Greek letters came to stand for the names of the various brotherhoods in commemoration of the noble Greek Philosophies. Foremost among these is arête, the quest for physical and intellectual excellence, emotional and spiritual serenity.
A major aspect of the Greek-lettered community, common to all fraternities, lies in the rites of passage. These herald the rebirth that marks a new brother's entry into the family, as well as a tempering of his integrity and perseverance. It is the experience shared by every generation of members, binding them as a mother's umbilical cord would.
Yet the same rites that endow fraternities with their unmistakable mystique have also lent over them the shroud of elitism. Coupled with arrogance, this has resulted in the contempt held by mainstream fraternity men for others outside their exclusive circle, all often leading to aggressive confrontations.
The Sigma Kappa Pi Fraternity, which stands for Samahan ng Kabataang Pilipino, being a nationalist and service-oriented brotherhood, seeks to bring down the walls of exclusivity surrounding fraternities and be one with the masses in order to serve them better. In the process, we necessarily seek to avoid the violence that accompanies vain and petty squabbling.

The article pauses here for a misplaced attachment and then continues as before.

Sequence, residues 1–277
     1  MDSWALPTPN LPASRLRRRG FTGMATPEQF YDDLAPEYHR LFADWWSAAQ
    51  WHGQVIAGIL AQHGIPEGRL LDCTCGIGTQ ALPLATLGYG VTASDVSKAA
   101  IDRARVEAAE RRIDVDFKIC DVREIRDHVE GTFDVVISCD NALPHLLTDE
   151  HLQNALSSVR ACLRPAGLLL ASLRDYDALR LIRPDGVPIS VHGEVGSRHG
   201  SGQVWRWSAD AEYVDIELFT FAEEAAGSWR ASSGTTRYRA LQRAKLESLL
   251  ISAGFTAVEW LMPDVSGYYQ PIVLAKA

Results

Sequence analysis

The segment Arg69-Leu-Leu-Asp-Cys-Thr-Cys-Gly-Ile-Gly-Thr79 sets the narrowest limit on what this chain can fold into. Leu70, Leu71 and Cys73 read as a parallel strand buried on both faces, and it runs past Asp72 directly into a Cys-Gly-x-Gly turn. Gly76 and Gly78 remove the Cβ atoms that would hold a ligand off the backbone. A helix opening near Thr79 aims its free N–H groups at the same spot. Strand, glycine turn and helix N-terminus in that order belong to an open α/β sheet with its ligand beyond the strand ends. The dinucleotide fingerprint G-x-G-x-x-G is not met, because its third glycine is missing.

Taking a cue from Claro M. Recto, nationalism is "... a banner of freedom proclaiming the national interest of the people, to be promoted or safeguarded by themselves so that the fruits of their efforts and wealth derived from their God- given resources shall accrue to them and thus enable all our people to rise above poverty, and march to prosperity contentment and dignity..."
It is from this very general definition of nationalism that the fraternity wishes to express love for the country and its people. Nationalism does not limit and does not prescribe how one would show his concern for the welfare of the country and the majority of the Filipino people. Nationalism that believes that the resources of the country should be controlled and exploited only by our people and benefits resulting thereto should accrue only to them.